John Dingell, the 80-year-old Michigan representative, watches me gaily as I gaze at the rows of antlered stags and snarling boar mounted on the walls of his Rayburn office. The chairman of the House Energy and Commerce Committee tells me he shot the decor himself: a disquieting fact, no doubt, to the environmental activists who know that--since he is shepherding a big energy bill through the House this year--the future of the Earth rests in his hands.
I. In late 1988, when I set out to write a life of Whittaker Chambers,the cold war had reached its ceremonial endgame: Mikhail Gorbachevacknowledging the autonomy of peoples long after they had liberatedthemselves, valiant students halting tank columns in TiananmenSquare. It was an impressive, if occasionally hollow, spectacle,and it inspired a chorus of sweeping pronouncements in the UnitedStates.
Michael Kinsley recalls the time Ronald Reagan invited him to lunch (or did he?); Cass R. Sunstein says the Supreme Court's rulings this week belie a fundamental disagreement between the conservative justices; Eve Fairbanks listens to House Energy Committee Chairman John Dingell rant and rave about environmentalists; and James Kirchick braves protestors and a would-be pipe bomber at Jerusalem's gay rights parade. --Alexander M. Belenky
by Cass Sunstein In the midst of all the discussion of race-based pupil assignments and affirmative action, I've now received an Op-Ed from someone at the same institution as the person who sent me an Op-Ed on climate change. (Or was that a parody?) I print this one because it seems to me to capture some widespread views in the popular press and perhaps even to overlap, at least a little bit, with the Court's analysis yesterday. (Or is this a parody? What do you think?) "Reverse Discrimination" "They" call it affirmative action.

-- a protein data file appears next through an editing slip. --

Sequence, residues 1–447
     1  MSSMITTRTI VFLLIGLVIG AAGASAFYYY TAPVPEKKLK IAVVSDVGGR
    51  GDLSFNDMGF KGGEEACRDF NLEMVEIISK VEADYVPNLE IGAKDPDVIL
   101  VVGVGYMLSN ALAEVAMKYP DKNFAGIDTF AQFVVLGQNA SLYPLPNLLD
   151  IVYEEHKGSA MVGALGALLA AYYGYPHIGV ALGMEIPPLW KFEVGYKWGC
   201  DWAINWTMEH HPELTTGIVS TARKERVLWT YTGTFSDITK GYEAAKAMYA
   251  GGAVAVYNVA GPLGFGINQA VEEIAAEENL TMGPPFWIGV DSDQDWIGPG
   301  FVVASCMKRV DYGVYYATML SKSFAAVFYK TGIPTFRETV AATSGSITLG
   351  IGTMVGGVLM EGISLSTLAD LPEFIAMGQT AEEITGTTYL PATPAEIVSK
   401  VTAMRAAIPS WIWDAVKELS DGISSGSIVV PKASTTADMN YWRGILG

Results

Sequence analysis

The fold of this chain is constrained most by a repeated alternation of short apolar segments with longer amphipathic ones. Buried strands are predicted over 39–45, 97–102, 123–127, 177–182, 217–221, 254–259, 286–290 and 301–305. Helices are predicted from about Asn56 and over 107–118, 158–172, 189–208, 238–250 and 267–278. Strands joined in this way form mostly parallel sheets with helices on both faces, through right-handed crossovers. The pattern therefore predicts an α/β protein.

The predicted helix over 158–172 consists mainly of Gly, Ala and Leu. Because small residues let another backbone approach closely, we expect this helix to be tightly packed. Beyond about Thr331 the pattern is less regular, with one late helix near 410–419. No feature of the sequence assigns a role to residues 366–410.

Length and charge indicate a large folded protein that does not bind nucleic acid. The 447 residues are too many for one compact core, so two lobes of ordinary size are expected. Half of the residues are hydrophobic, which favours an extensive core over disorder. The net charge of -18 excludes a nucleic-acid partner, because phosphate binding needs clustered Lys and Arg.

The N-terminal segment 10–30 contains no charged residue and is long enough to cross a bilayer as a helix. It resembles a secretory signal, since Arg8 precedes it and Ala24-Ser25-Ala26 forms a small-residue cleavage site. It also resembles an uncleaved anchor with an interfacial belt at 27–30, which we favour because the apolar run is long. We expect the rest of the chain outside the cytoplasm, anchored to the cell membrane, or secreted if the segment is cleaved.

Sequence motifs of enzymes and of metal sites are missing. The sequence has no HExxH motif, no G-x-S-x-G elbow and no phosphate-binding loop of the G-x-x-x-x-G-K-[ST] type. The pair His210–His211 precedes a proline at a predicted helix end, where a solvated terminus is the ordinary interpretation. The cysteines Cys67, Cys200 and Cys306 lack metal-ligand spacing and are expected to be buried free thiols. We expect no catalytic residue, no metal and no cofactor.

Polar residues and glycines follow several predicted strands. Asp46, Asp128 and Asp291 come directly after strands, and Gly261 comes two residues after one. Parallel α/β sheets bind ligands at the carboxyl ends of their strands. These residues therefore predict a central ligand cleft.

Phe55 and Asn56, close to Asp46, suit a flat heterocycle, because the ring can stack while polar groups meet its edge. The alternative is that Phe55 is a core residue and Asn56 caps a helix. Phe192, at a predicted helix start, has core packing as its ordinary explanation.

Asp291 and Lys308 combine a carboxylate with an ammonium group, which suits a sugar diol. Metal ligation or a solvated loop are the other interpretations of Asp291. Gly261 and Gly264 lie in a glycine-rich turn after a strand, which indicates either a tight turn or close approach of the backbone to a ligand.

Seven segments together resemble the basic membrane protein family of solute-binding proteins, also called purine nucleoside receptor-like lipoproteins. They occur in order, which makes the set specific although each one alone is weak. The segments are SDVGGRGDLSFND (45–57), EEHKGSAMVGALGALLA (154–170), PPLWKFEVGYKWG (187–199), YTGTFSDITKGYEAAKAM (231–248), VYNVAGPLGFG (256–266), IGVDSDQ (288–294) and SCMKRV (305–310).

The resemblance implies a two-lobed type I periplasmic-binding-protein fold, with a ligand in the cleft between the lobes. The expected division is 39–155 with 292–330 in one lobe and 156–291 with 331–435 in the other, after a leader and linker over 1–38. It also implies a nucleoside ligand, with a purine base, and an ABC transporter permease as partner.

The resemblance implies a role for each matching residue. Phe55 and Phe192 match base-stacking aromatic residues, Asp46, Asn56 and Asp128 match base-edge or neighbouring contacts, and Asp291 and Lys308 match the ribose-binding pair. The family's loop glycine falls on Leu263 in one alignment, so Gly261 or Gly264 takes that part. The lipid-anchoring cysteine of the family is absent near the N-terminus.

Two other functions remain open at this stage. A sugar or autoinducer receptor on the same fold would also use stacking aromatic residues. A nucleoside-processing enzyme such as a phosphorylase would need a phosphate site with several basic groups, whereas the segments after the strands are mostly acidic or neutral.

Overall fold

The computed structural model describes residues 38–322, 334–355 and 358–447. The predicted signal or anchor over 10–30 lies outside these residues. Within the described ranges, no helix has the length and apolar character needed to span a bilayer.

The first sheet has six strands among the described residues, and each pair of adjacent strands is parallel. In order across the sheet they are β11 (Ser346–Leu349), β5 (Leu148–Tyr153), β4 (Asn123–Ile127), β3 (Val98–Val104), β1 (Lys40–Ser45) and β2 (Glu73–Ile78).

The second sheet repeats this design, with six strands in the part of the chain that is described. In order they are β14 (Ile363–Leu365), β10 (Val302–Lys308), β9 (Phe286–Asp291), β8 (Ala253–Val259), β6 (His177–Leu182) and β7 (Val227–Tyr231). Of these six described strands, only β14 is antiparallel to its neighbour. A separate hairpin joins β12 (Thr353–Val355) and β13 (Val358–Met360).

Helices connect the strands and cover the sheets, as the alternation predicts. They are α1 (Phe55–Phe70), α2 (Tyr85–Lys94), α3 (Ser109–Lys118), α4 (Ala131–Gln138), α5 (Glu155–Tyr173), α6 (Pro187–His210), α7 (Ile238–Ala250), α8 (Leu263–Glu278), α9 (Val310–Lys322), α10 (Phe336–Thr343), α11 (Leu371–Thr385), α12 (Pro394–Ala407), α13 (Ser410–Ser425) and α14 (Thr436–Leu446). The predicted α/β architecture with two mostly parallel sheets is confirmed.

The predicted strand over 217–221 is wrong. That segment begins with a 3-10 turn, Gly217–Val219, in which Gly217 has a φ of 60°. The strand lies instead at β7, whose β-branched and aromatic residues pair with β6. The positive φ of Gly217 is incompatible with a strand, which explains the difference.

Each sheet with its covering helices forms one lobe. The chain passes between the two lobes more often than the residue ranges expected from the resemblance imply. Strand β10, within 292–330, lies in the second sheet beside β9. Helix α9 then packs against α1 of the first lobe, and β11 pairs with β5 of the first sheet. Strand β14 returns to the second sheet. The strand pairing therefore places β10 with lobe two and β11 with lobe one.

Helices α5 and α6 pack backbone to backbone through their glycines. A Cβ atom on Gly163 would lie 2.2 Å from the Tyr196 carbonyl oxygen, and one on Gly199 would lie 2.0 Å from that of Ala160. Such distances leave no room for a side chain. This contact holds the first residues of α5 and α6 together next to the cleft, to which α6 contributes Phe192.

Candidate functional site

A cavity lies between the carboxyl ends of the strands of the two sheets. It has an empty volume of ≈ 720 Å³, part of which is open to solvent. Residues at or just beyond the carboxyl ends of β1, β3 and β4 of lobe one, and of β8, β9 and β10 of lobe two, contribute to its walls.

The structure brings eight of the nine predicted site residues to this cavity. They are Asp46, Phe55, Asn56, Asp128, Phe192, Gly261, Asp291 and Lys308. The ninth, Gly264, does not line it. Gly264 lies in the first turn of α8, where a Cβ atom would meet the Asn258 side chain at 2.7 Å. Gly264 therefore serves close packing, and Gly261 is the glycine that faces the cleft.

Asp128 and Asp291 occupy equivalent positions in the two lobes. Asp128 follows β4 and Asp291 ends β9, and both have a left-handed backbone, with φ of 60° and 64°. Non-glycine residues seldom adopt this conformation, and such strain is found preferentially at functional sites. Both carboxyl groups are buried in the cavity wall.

In the current TNR, Eve has a fantastic article about how John Dingell, chairman of the Energy and Commerce Committee, became the bête noire of greens everywhere. Unexpectedly, though, Dingell just pledged to craft a bill by the fall that would require an 80 percent reduction in greenhouse gas emissions by 2050. He's also made vague, very vague, noises about a carbon tax.
Rahm's moving ahead with his amendment to defund the Office of the Vice President (at least so long as Cheney insists that he's above the law): The latter half of the amendment prompted Rep.
As Ezra Klein says, there's not too much that's shocking about the new Labor Department report finding that workers want more sick leave and paid vacation while businesses want, well, less. But this paragraph seemed ominous: Many businesses complained that the Labor Department's definition of a serious health condition enabling workers to take leave was unclear and too generous.
Uh oh. It looks like Republican members of the Washington Establishment--according to the Establishment's spokeswoman, Sally Quinn--want to throw Dick Cheney overboard. From Quinn's piece in today's WaPo: Removing a sitting vice president is not easy, but this may be the moment. I remember Barry Goldwater sitting in my parents' living room in 1973, in the last days of Watergate, debating whether to lead a group of senior Republicans to the White House to tell President Nixon he had to go. His hesitation was that he felt loyalty to the president and the party.
Martin Peretz argues that the disintegration of Gaza marks the end of Palestinian nationalism; Jonathan Chait says that Michael Bloomberg's attempt to transcend ideology is merely a pretense; Jason Zengerle begins a debate with Chait over whether Fred Thompson stands a chance in the presidential race; Benjamin Wittes identifies the Supreme Court's looming legitimacy crisis; and Mark Lilla calls Alexis de Tocqueville a prophet for our times. --Alexander M. Belenky